Sunday, October 23, 2011

The Zombies Guide to Boolean Operators

My first foray into video production and just in time for Halloween too.

Technical notes:

Usaura and Click Tests

Want a quick, effective way to conduct small usability tests for your website? Usaura provides a free way to conduct simple "click tests" online. The process is fairly simple. You'll need to upload a screenshot of the page you want to test and then formulate a question (avoid using the keywords found on your website) to ask your users:
"You're a high school student who wants to attend Mizzou next fall. You know it's going to be expensive and that you're parents won't be able to cover the entire cost. Where would you click to find information on how to get money to pay for school? "
Click test results displayed on heat map
Usaura then generates a link that you can e-mail, tweet, or otherwise distribute anyway you like to participants of the test. Users then answer the question by clicking on the website screenshot you provided, indicating where they would go to find information to answer the question. Usaura then tracks those clicks and the amount of time it took for users to make the click.

Click test information can help spot usability problems by telling you whether users are clicking on the areas you expected them to. If the results aren't what you expected, you may need to change the "trigger words" or link labels on your site to match the natural language of your users. If participants take longer than expected to locate an area to click on, you may need to make the information more visually prominent or take a look at the link labels.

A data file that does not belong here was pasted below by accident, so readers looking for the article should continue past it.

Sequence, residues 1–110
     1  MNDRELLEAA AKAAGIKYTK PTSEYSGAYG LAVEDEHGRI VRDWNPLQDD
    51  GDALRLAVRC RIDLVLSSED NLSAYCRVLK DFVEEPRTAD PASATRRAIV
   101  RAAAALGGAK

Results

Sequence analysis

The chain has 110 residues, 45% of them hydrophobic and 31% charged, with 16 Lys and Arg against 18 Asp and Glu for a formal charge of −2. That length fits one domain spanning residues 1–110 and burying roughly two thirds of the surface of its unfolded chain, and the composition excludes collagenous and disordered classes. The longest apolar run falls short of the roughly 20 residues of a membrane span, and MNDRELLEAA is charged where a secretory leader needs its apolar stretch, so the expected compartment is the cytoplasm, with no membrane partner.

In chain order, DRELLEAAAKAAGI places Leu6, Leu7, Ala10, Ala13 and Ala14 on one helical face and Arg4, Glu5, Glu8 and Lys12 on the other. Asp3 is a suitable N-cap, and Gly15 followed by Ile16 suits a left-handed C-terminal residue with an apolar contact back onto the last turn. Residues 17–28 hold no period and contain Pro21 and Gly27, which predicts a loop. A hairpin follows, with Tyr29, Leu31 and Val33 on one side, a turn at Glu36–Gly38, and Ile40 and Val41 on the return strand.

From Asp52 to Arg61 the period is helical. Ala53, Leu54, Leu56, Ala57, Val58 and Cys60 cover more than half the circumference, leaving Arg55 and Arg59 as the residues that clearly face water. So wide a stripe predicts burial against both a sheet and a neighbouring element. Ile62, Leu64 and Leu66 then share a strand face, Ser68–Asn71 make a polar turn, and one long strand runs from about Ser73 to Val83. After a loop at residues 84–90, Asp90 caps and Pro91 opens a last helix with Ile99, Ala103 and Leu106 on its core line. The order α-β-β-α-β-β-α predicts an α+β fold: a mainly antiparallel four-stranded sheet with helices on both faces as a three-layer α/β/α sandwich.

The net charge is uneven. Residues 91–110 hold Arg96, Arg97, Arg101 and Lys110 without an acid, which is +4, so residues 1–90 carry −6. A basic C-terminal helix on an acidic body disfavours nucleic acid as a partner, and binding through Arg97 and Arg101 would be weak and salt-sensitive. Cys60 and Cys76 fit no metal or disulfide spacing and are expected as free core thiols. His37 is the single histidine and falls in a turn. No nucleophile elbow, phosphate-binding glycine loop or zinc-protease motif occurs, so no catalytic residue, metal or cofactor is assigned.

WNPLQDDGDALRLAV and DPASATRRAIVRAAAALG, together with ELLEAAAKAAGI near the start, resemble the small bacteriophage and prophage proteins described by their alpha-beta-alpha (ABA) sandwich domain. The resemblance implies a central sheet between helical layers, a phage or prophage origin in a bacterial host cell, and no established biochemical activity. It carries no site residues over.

Usuara also makes it possible to conduct quick preference tests ("Which new website design do you like best?") and get feedback on a particular aspect of your website by allowing users to submit their comments.

Usaura does have some limitations. Because the test relies on screenshots of websites, it is difficult to test dynamic menus (drop downs, etc.) or other interactive aspects of a site. User questions are also limited to 250 characters.

Overall, Usuara is a neat tool that can certainly help time- and cash-strapped organizations gain valuable feedback from users---and that information is like gold for those of us who want to make sure we're doing our best to meet our users' needs.

Wearable Computing and Libraries

I recently presented on wearable computing in my Emerging Technologies class, and wow, what amazing things are on the horizon in this field. From the Nike+ running shoes to smart tattoos that can monitor your heart to chemical sensors printed on underwear that can detect wounds in soldiers and administer medication. How will wearable computing devices be used in libraries? The SixthSense device created at MIT illustrates what  might be ahead for wearable computing in libraries and how it could dramatically change the way we interact with information in our environment. Check out my presentation and the SixthSense demo below.

Tuesday, September 20, 2011

Microdata formats and